Sloppy use of the word “blight” can sabotage the revitalized future of a neighborhood

There’s a word you’ll hear again and again if you spend time following local politics—especially if you live in a town that is (like most American towns) faced with economic challenges and residents living in poverty. That word is blight.

The thrust of most articles about blight—and blight removal—is that vacant, crumbling and/or abandoned properties are harmful eyesores that must be eliminated in order for cities to move forward. Demolishing “blighted” properties will make neighborhoods more attractive and might increase home ownership and encourage reinvestment.

Vacant buildings can attract criminal activity like drug use. They sometimes pose safety hazards. Getting rid of them is overwhelmingly framed as positive by local governments that often leverage hundreds of thousands or even millions of dollars to do demolition work (often through state or federal grants).

And yet, there’s something darker that lurks beneath the surface when we talk about “blight.” The word completely disregards the past of a place. When you label something blight, you utterly negate any purpose it may have had and any hope of saving it. It is mere garbage to be discarded.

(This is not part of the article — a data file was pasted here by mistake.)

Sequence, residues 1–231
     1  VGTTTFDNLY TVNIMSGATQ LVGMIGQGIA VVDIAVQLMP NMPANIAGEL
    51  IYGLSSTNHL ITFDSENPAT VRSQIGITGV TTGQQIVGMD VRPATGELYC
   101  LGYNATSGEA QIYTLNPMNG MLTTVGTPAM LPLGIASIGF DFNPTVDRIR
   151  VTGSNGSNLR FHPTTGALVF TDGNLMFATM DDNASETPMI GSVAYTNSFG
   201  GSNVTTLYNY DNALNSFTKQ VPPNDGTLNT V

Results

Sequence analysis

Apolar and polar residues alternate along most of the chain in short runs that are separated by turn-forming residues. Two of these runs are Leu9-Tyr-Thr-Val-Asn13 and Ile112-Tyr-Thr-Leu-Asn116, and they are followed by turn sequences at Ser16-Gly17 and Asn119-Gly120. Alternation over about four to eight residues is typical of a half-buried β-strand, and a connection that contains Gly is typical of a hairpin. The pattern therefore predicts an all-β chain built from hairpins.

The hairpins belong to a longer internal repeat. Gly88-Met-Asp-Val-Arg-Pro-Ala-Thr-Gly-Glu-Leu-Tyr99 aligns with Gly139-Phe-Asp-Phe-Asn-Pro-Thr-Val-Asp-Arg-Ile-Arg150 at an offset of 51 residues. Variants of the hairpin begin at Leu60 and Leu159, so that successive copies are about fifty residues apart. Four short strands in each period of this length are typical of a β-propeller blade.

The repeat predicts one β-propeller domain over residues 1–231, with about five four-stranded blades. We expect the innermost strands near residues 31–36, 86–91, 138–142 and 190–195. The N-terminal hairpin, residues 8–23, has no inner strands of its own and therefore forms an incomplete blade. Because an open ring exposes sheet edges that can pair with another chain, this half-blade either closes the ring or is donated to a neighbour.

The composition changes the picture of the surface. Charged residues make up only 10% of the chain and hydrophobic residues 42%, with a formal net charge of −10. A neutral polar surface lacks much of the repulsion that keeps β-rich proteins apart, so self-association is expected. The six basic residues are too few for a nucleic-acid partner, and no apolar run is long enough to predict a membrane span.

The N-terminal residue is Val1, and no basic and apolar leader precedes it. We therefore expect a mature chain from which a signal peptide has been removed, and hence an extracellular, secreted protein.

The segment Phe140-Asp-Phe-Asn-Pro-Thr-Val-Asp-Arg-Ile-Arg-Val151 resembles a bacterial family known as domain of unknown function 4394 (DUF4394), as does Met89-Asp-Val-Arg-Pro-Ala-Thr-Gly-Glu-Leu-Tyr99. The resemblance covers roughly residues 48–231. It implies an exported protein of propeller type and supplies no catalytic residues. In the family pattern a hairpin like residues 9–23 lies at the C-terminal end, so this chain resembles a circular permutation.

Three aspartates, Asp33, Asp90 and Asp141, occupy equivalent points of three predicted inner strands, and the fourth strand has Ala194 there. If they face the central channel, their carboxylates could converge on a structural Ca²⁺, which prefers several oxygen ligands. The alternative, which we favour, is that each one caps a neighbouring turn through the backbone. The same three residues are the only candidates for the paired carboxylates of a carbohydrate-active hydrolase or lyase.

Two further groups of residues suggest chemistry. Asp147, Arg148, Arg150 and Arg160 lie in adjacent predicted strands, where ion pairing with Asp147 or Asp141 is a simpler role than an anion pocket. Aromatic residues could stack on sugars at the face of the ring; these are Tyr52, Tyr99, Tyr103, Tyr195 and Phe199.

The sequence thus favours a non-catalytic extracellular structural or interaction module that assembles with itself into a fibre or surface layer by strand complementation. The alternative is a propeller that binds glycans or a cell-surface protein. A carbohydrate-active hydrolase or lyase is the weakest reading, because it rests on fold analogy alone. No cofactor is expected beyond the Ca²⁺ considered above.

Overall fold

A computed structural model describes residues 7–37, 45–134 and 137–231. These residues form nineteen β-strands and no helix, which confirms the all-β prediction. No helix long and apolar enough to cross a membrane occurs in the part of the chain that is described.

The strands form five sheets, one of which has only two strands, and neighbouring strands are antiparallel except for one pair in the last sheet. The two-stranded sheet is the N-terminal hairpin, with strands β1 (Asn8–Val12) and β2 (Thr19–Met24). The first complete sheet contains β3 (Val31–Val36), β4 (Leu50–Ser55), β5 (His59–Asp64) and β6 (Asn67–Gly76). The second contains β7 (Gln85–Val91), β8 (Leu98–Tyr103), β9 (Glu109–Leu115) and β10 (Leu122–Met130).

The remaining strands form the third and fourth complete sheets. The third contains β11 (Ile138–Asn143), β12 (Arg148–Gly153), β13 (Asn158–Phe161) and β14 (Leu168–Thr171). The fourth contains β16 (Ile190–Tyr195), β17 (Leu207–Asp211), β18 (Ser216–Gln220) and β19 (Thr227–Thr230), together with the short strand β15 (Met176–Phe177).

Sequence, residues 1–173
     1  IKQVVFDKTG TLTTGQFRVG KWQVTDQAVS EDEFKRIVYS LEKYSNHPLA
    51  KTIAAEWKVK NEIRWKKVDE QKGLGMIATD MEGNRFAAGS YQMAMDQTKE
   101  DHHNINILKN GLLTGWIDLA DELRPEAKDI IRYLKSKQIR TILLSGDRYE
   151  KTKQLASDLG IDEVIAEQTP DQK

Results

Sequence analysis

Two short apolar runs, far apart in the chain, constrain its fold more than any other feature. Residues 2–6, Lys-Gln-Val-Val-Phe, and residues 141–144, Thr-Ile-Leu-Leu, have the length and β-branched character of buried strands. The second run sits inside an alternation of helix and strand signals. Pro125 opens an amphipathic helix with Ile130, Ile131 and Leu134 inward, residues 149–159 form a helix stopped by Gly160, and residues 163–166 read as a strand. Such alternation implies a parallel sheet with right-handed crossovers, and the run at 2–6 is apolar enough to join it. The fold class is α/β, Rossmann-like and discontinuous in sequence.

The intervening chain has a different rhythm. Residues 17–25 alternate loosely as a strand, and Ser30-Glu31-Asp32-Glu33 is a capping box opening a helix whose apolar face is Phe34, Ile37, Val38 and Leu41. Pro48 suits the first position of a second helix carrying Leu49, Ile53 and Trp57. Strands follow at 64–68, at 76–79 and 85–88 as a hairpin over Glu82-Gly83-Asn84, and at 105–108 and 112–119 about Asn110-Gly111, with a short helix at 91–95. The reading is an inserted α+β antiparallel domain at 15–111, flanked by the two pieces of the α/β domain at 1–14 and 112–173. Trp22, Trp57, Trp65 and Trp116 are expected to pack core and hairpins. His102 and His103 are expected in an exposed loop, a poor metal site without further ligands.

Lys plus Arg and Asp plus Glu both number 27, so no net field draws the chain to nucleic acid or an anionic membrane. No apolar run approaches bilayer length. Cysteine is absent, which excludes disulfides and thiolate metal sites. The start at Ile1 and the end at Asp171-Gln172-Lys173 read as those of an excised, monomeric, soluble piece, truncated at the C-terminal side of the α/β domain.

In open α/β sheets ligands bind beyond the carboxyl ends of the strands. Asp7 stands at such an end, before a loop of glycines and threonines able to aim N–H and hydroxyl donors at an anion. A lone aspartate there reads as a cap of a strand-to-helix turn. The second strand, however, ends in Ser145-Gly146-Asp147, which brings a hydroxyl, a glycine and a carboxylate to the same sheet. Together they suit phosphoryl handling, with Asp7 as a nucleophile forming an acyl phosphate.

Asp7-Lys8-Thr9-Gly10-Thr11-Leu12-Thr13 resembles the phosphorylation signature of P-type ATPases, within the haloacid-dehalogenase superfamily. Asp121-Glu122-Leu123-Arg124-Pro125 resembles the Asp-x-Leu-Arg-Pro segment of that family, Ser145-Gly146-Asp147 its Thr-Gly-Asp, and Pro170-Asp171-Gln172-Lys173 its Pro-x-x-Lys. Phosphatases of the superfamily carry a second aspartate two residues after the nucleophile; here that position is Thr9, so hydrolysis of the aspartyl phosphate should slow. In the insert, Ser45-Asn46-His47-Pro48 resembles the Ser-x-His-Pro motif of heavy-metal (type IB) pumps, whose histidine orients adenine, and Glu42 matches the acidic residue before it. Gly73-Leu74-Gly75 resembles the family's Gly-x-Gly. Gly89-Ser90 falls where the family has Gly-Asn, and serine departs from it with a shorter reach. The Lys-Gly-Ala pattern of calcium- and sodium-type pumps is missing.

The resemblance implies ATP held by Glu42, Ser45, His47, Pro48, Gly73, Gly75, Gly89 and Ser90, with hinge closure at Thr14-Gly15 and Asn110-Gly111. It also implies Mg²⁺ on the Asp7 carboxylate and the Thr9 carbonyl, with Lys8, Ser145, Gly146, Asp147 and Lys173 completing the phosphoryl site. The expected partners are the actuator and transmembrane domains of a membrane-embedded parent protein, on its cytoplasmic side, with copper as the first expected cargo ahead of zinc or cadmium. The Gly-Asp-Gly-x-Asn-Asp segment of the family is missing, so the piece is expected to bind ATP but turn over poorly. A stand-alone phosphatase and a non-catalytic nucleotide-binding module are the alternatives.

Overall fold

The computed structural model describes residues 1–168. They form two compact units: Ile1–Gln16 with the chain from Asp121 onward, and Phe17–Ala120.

And it’s not just individual buildings that are labeled as such. Whole blocks and neighborhoods can receive this designation, either officially or by association. Once the label has been applied, it can be a natural progression to start thinking that the people, businesses and institutions that are still alive in these neighborhoods are also blight.

Note from Storm: I just returned from a week in Michigan, where I was helping the Michigan Association of Land Banks design what we’re calling “Land Bank 2.0”. It’s a more-revitalization, less-demolition-focused second generation of land banking.

In other words, they will be less focused on the tactics like blight removal, and more focused on strategies for community revitalization. As the initiative progresses, we’ll report on it here in Revitalization News.

Featured photo by Storm Cunningham is of an abandoned house in Detroit (2017).

See full article in Strong Towns by Rachel Quednau.

See Michigan Association of Land Banks website.

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